999 plea as cold snap continues

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With forecasts of potentially adverse weather conditions in the region over the next few days, bosses at the East of England Ambulance Service are calling on the public to use common sense and only call 999 for a true emergency need.

Below-freezing temperatures and the threat of snow and icy conditions in parts of the east of England means the public should prepare themselves as best as possible and reduce the need to use the ambulance service. This includes ensuring they are stocked up on medication for long-term conditions, or minor coughs, colds and other ailments, and take all necessary steps to stay safe, warm and well. Pedestrians and motorists should also take care when out and about because of potentially icy conditions and freezing temperatures.

Gary Sanderson, spokesman for the East of England Ambulance Service, said: “As we know from past experience, road conditions can become extremely hazardous and we are relying on the public’s good sense to use the 999 service wisely which will help us to respond to people who need our assistance for true emergencies.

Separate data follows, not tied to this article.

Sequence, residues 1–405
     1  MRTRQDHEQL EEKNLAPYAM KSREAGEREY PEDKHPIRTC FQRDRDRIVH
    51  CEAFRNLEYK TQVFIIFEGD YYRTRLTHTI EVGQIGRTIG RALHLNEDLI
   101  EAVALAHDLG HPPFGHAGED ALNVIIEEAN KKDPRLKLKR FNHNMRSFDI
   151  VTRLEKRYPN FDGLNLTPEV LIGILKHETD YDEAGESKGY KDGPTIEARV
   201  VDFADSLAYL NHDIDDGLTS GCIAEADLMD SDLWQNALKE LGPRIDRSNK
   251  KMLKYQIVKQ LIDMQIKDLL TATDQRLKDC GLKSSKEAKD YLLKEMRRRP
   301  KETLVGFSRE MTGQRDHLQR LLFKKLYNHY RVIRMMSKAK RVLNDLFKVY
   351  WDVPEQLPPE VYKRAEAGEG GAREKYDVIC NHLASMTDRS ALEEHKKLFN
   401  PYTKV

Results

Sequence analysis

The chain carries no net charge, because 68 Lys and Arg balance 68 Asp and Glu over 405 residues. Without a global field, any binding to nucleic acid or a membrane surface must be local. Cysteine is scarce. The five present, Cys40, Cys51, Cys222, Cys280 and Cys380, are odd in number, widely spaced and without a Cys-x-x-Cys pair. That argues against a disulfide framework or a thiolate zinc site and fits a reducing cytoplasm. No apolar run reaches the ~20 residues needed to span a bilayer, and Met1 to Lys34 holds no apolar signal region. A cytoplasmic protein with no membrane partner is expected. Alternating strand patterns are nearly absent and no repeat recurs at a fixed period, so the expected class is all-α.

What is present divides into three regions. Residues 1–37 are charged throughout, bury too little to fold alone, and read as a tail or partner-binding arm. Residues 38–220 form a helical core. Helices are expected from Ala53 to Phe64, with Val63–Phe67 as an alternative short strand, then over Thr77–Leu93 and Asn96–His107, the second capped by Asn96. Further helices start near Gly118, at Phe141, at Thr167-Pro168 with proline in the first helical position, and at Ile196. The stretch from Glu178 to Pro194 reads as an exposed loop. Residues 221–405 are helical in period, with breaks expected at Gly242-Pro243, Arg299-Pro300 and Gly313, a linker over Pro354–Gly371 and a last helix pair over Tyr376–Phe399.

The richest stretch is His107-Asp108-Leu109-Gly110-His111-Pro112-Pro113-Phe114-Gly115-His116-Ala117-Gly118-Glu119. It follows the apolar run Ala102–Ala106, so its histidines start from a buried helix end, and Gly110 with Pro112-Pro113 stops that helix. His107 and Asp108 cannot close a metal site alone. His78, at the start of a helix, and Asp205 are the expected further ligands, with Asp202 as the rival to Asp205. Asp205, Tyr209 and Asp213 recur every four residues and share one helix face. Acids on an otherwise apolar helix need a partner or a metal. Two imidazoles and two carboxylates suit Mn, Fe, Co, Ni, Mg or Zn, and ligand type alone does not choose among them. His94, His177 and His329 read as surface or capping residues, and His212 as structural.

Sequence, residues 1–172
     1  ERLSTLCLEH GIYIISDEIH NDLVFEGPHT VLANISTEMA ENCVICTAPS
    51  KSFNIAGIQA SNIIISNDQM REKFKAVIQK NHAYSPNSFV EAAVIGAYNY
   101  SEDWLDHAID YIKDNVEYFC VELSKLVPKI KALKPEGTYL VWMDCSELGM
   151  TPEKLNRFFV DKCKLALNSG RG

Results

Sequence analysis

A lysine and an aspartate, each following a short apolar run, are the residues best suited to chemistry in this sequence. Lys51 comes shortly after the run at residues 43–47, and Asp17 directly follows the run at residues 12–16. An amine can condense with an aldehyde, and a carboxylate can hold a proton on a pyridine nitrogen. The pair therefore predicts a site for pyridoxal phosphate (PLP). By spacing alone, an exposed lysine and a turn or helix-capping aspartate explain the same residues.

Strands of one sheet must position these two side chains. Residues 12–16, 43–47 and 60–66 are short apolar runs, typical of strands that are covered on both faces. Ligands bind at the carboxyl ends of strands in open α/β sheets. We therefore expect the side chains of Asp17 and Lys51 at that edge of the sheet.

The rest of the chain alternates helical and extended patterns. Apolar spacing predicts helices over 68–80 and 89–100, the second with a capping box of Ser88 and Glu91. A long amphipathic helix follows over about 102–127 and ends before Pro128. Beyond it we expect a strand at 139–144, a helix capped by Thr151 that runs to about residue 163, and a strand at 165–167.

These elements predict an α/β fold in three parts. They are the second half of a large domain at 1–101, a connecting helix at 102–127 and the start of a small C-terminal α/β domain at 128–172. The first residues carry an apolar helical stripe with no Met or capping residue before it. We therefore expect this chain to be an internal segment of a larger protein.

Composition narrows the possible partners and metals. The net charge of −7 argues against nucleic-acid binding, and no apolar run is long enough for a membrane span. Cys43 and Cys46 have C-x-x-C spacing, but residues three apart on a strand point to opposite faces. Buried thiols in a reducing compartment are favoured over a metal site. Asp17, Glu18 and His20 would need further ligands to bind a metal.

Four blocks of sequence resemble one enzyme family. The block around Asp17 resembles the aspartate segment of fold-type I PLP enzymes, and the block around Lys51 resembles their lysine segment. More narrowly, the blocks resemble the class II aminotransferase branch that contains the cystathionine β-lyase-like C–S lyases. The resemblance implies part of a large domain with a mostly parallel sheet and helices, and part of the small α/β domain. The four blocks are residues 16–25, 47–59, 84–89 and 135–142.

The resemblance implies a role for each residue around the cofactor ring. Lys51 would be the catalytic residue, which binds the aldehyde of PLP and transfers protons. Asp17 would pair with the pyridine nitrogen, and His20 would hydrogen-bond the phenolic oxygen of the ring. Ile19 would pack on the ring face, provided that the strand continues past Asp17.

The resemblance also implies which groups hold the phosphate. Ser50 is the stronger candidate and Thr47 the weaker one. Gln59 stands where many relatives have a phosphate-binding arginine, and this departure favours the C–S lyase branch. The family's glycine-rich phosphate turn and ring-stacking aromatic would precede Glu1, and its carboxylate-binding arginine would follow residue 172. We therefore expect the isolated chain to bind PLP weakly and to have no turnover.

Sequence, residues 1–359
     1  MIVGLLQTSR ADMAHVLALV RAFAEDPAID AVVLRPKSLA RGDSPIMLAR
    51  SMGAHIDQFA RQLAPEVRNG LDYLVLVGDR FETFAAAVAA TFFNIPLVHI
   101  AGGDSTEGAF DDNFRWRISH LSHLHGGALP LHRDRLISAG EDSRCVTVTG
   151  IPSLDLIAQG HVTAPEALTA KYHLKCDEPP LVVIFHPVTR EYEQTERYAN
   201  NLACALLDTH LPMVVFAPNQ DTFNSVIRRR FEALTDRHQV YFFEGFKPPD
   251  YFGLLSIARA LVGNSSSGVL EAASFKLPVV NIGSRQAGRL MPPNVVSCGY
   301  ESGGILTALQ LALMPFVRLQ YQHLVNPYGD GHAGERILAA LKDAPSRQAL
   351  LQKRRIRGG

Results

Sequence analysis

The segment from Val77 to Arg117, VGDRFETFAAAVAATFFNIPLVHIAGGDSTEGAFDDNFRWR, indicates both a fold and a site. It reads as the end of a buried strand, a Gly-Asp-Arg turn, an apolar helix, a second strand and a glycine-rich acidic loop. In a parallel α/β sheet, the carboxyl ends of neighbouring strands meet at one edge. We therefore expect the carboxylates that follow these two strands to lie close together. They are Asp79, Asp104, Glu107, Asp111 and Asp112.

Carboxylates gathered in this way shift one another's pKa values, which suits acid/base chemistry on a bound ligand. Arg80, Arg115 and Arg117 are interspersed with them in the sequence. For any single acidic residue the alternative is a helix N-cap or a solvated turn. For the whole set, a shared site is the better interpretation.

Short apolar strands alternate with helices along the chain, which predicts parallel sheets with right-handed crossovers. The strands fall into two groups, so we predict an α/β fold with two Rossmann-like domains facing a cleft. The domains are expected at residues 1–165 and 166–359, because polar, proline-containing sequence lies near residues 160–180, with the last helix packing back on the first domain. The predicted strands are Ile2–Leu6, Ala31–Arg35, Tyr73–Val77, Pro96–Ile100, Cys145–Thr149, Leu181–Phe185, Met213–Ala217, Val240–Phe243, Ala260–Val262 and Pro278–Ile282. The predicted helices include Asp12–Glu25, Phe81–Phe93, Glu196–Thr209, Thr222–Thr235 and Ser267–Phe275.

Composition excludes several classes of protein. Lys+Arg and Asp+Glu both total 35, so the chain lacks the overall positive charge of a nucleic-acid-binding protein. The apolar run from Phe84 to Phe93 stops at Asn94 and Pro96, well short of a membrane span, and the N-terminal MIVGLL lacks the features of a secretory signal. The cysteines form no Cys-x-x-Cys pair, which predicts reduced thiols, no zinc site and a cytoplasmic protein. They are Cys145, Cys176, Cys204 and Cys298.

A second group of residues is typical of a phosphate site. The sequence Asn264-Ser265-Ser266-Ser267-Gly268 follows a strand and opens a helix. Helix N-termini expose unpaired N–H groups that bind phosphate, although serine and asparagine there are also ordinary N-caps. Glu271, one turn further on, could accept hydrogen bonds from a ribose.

“We have resources in place to meet the challenge that any bad weather might throw at the region; but if people reduce their risk of illness, injury, and exposure to the cold, we are more readily available for the life-threatening and serious emergencies that we’re here for.

“The public can also help the ambulance service by choosing the right healthcare service for their needs, such as ringing NHS Direct for advice on 0845 4647 or contacting their local doctor’s surgery. Those within distance of an NHS GP led walk-in centre or minor injury unit should go there for treatment for minor illness and injury of the kind you would normally go to your GP or pharmacy about.

Remember, always call 999 if someone is seriously ill or injured and their life is at risk, for example:

* chest pain

* difficulty in breathing

* unconsciousness

* severe loss of blood

* severe burns or scalds

* choking

* fitting or concussion

* drowning

* severe allergic reaction

* If you suspect a stroke (Do the FAST test - Facial weakness - can the person smile? Has their mouth or eye drooped? Arm weakness - can the person raise both arms? Speech problems - can the person speak clearly and understand what you say? Time to call 999.)